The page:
Fiji’s annual inflation rises to 4.7pc

The Reserve Bank of Fiji (RBF) says inflation rose to 2.3 per cent in February from 1.5 per cent in January attributed to the higher prices for kava, alcohol and tobacco. Picture: FILE

The Reserve Bank of Fiji (RBF) says the rise in inflation last month is attributed to the higher prices for kava, alcohol and tobacco. Picture: FILE

THE current high prices of kava, fuel, alcohol, tobacco and vegetables contributed to the increase in the country’s annual inflation to 4.7 per cent in July.

According to the Economic Review for the month ended August 2018, the current inflation rate is higher than the 4.6 per cent recorded in June and the 2.0 per cent recorded in July last year.

Inflation is the rate at which the general level of prices for goods and services rise and consequently the purchasing power of a currency falls.

This means as inflation rises, it decreases the amount of goods that your money can buy and decreases its purchasing power.

According to the central bank, the annual increase was led by higher prices of kava, domestic fuel, alcohol, tobacco and vegetables.

The high fuel prices could be attributed to its increase in July after a review by the by the Fijian Competition and Consumer Commission (FCCC) in line with the movements world market prices.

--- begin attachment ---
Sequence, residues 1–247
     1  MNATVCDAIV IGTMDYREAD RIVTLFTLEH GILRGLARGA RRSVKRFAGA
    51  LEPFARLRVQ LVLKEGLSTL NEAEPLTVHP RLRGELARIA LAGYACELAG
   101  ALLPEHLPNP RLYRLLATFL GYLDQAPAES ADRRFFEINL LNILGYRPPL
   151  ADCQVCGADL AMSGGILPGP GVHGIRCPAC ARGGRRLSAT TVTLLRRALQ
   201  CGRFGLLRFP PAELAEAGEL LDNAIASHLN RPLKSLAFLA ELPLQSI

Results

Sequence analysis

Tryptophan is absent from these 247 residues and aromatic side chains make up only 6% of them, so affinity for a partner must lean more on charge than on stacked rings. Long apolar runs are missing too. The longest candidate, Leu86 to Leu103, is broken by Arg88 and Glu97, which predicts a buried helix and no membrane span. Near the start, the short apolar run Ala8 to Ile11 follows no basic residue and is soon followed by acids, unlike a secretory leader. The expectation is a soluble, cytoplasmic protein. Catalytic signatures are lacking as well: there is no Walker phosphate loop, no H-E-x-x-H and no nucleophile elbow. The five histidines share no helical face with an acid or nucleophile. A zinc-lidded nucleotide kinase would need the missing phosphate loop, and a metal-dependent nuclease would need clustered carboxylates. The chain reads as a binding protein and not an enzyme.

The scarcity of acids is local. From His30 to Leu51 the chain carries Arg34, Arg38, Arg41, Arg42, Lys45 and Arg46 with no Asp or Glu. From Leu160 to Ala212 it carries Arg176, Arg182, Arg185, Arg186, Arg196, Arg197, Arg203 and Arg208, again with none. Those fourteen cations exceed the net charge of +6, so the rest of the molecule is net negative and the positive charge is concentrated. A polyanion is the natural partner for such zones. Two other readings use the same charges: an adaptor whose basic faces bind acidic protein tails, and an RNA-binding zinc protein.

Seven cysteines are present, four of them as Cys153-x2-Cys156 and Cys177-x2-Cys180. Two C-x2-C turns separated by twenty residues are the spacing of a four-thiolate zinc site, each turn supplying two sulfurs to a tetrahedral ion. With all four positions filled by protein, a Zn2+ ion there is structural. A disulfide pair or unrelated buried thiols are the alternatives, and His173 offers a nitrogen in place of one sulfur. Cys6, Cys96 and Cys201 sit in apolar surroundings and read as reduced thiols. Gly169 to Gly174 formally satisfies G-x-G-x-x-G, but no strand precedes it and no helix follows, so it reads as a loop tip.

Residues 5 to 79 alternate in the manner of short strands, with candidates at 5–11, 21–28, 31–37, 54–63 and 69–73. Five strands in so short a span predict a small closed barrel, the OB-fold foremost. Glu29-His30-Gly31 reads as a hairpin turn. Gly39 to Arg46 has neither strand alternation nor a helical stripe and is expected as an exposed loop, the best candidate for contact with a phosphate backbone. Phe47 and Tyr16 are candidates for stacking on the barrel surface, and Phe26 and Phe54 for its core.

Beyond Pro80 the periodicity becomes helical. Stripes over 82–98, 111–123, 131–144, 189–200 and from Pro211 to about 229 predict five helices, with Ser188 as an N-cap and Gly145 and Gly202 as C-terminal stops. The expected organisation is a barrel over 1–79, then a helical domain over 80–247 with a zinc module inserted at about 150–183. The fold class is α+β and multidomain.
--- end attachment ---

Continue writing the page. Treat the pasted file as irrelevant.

The fuel prices from July 15, 2018 to October 14, 2018 is mainly determined by the movement in the international prices for Petroleum and LPG products since the last quarter.

FCCC will conduct the next fuel and LPG price review on 15 October 2018.

The recent natural disasters experienced earlier this year were also expected to raise prices of agricultural market items such as vegetables and root crops.

But the price increase was anticipated to generally subside within the year when supply normalises.

The high alcohol and tobacco prices could also be attributed to a 15 per cent price increase as announced in the 2018/2019 National Budget.

The central bank also forecasts inflation to remain elevated until year-end, led by increased duty on alcohol, tobacco, sweetened drinks and higher fuel

Nevertheless, core inflation remains low at around 1.5 per cent and inflationary pressures from higher duties and commodity prices are expected to subside from 2019.

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